Outcomes of allergy/immunology follow-up after an emergency department evaluation for anaphylaxis

J Allergy Clin Immunol Pract. Jan-Feb 2015;3(1):88-93. doi: 10.1016/j.jaip.2014.07.011. Epub 2014 Sep 22.

Abstract

Background: Anaphylaxis guidelines currently recommend referring patients with anaphylaxis seen in the emergency department (ED) to an allergist for follow up.

Objective: The objective of our study was to evaluate outcomes of allergy/immunology follow-up after an ED visit for anaphylaxis.

Methods: A retrospective health records review was conducted from April 2008 to August 2012. Charts were reviewed independently by 2 allergists to determine outcomes. Descriptive statistics with corresponding 95% CIs were calculated.

Results: Among 573 patients seen in the ED who met anaphylaxis diagnostic criteria, 217 (38%) had a documented allergy/immunology follow-up. After allergy/immunology evaluation, 16 patients (7% [95% CI, 5%-12%]) had anaphylaxis ruled out. Among those with an unknown ED trigger (n = 74), 24 (32% [95% CI, 23%-44%]) had a trigger identified; and, among those who had a specific suspected ED trigger (n = 143), 9 (6% [95% CI, 3%-12%]) had a trigger identified in a category other than the one suspected in the ED, and 28 (20% [95% CI, 14%-27%]) had an unknown trigger. Thus, there were a total of 77 patients (35% [95% CI, 29%-42%]) who had an alteration in the diagnosis of anaphylaxis or trigger after allergy/immunology evaluation. Four patients (2% [95% CI, 0.7%-4.6%]) were diagnosed with a mast cell activation disorder, and 13 patients (6% [95% CI, 4%-10%]) underwent immunotherapy or desensitization.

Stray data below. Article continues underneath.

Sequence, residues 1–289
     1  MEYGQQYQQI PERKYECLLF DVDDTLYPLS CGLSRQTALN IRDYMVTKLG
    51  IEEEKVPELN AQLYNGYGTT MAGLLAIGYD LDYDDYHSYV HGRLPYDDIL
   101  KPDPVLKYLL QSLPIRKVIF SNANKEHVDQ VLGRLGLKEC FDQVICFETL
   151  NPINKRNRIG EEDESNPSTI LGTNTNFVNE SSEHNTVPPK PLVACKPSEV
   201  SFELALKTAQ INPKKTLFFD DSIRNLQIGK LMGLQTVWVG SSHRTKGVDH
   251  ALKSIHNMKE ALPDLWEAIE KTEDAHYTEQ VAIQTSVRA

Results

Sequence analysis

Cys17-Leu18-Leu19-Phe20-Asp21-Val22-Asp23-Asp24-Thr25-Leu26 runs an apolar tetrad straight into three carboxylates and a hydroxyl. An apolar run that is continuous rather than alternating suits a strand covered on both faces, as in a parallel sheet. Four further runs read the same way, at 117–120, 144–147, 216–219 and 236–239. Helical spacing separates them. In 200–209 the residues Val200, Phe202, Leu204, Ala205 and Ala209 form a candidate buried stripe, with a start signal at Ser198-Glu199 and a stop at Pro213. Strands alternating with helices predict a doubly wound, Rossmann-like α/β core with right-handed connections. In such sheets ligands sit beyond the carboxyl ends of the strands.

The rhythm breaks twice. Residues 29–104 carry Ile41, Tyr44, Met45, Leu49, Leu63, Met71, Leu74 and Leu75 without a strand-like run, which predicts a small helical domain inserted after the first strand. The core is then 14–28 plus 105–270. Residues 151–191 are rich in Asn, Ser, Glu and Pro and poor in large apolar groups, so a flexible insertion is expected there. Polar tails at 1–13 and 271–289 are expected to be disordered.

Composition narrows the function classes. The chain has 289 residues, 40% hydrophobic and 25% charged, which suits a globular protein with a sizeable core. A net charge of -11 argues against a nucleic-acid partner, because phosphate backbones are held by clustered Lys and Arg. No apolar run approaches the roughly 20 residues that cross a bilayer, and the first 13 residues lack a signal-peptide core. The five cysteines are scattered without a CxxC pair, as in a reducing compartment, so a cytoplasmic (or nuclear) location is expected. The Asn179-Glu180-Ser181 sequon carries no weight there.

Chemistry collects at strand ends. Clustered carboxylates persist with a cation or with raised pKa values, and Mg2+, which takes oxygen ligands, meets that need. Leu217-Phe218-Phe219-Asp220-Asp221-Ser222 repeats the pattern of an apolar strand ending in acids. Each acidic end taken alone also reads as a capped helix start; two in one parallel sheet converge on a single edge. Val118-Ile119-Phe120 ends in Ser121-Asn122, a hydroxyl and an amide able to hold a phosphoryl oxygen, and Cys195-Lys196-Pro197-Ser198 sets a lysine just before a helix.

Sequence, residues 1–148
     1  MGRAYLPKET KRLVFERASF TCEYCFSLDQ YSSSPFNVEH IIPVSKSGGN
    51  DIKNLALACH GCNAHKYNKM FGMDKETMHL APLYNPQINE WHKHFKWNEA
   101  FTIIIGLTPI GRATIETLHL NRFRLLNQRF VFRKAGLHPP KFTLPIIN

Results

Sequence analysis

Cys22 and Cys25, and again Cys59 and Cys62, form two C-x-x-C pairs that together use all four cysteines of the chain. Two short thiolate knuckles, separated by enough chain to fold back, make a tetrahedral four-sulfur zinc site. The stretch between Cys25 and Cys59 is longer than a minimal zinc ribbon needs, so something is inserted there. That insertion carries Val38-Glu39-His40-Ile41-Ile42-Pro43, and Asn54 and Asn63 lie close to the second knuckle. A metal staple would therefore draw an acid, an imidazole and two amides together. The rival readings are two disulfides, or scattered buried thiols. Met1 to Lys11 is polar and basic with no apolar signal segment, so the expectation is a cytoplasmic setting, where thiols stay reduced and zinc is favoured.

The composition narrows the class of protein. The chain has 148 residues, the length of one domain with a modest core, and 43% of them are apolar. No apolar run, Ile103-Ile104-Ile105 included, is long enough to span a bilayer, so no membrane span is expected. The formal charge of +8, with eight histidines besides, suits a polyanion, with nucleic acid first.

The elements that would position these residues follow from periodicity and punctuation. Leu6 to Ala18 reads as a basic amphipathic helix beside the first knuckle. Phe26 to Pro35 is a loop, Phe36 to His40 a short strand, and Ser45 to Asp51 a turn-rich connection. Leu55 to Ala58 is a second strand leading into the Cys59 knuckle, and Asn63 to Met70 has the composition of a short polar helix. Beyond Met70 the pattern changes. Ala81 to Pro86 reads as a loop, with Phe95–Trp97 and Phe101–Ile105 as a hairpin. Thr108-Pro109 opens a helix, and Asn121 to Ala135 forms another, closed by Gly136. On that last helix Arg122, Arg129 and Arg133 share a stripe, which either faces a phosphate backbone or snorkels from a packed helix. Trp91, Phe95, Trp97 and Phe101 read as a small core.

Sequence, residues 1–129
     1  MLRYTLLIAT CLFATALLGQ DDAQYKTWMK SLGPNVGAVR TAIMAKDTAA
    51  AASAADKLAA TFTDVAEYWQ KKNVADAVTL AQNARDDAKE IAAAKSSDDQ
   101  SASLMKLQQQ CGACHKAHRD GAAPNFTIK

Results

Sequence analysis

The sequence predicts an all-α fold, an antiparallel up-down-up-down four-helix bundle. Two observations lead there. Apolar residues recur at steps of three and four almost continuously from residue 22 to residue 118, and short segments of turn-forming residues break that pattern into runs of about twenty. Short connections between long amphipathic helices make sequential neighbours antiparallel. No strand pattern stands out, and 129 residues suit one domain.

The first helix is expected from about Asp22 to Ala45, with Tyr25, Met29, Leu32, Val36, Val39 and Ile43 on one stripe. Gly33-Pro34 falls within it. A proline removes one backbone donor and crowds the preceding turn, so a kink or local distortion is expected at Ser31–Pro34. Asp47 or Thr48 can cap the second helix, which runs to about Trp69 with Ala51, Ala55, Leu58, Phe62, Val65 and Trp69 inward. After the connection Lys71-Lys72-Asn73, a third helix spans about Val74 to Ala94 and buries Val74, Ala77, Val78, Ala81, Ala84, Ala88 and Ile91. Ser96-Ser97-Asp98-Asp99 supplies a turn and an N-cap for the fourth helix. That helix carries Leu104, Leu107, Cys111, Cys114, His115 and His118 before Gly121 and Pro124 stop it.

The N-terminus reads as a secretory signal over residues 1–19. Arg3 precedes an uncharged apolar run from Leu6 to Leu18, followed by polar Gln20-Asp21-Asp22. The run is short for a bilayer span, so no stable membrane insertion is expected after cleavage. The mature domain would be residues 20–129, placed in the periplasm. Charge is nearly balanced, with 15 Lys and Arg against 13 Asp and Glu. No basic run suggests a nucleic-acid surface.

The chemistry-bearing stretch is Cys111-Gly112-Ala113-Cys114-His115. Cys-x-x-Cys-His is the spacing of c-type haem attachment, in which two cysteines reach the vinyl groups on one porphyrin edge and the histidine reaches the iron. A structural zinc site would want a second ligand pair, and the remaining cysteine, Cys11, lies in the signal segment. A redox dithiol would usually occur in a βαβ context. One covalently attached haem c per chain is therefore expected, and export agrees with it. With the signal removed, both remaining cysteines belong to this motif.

Conclusion: Overall, 35% of the patients with suspected anaphylaxis in the ED had an alteration in the diagnosis or suspected trigger after allergy/immunology evaluation. These results underscore the importance of allergy/immunology follow-up after an ED visit for anaphylaxis.

Keywords: Anaphylaxis; Emergency medicine; Follow-up studies; Immunologic desensitization; Mast cell disease.

Publication types

  • Research Support, Non-U.S. Gov't

MeSH terms

  • Adolescent
  • Adult
  • Allergy and Immunology / statistics & numerical data*
  • Anaphylaxis / complications
  • Anaphylaxis / drug therapy
  • Anaphylaxis / immunology*
  • Emergency Service, Hospital*
  • Female
  • Follow-Up Studies
  • Humans
  • Hypersensitivity / complications
  • Hypersensitivity / diagnosis*
  • Hypersensitivity / immunology*
  • Male
  • Middle Aged
  • Patient Acceptance of Health Care / statistics & numerical data
  • Referral and Consultation / statistics & numerical data*
  • Retrospective Studies
  • Young Adult